A meeting of a European-wide association to promote the use of hydrogen fuel to help de-carbonise the van and truck transport sector has been led by the lord provost of Aberdeen.
HyER – the European Association for Hydrogen and fuel cells and electro-mobility in European Regions – was set up in 2008 in collaboration with the European Commission.
It is a membership association of 16 cities and regions across ten Member States committed to the introduction of these technologies and the transition to zero-emission transport and energy systems.
It held a major conference in Brussels yesterday where – as president – Aberdeen Councillor Barney Crockett was a keynote speaker.
Heavy duty trucks represent a large share of emissions from the transport sector in Europe and members of HyER considered how to manage the shift of the heavy duty transport sector to alternative fuels such as hydrogen, battery electric, compressed natural gas (CNP), liquefied natural gas (LNG) or liquefied petroleum gas (LPG).
Cllr Crockett talked about the work of HyER and why the decarbonising of heavy duty road transport is important for cities and regions and the challenges currently facing members.
He said; “The long-haul road transport sector causes around 25% of emissions from transport in Europe.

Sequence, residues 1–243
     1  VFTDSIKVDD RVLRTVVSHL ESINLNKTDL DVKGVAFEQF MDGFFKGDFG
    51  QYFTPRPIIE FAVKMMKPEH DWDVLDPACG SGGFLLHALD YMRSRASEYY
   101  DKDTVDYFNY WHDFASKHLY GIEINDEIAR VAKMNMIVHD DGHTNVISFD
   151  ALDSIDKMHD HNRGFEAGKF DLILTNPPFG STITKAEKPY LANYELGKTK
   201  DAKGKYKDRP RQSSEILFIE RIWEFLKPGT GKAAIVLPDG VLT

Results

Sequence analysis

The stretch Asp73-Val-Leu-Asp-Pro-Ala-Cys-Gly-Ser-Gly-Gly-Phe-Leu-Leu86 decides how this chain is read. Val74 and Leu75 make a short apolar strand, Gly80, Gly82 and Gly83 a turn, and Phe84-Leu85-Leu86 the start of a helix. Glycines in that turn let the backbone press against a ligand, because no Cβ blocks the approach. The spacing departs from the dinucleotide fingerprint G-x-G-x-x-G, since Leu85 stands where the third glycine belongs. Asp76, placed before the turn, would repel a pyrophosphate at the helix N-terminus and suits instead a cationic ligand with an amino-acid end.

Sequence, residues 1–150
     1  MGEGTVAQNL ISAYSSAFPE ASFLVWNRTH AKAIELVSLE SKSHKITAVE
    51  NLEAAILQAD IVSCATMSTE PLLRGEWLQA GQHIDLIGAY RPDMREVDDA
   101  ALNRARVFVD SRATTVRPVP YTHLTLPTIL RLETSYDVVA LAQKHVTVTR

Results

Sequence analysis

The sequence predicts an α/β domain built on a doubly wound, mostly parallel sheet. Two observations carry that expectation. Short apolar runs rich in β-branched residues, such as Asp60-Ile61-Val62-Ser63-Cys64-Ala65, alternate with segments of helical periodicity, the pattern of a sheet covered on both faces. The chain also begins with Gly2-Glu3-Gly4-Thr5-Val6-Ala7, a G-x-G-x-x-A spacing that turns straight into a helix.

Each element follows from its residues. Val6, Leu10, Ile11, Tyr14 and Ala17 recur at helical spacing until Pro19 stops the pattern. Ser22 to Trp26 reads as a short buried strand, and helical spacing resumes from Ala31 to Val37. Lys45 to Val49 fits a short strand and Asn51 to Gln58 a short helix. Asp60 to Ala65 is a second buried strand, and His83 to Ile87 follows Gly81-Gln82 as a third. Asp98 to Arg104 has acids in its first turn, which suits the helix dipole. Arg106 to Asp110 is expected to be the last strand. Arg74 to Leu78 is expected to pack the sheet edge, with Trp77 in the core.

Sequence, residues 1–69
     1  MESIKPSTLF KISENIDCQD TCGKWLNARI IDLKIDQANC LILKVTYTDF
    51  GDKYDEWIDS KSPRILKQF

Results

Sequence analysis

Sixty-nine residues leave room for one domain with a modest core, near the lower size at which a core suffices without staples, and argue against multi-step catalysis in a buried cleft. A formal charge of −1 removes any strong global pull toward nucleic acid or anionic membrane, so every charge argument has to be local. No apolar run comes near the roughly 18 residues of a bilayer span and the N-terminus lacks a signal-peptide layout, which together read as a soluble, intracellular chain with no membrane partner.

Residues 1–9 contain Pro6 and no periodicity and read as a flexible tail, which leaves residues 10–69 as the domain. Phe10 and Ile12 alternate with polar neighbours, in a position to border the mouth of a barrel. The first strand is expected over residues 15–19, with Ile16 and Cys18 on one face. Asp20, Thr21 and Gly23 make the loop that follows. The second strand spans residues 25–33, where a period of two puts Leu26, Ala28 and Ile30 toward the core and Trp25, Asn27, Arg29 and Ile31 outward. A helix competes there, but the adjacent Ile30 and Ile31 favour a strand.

“It is essential to find ways to decarbonise the heavy duty freight sector and therefore to support the uptake of alternatives to fossil fuels, along with modal shift solutions.
“Cities and regions have a key role in procuring zero-emission vehicles and in the development of policies to fight climate change and improve air quality.
“Legislation at EU and national level to control emissions from heavy duty trucks means that cleaner trucks must be introduced and alternative fuel vehicles need to be part of the solution.
“Being part of HyER means Aberdeen is at the forefront of looking at current challenges, the solutions offered by the industry, how to accelerate their deployment and development.
“We have made great progress with zero emission buses and cars – we now need to make the same progress with heavy duty transport.”
1 Feb 2018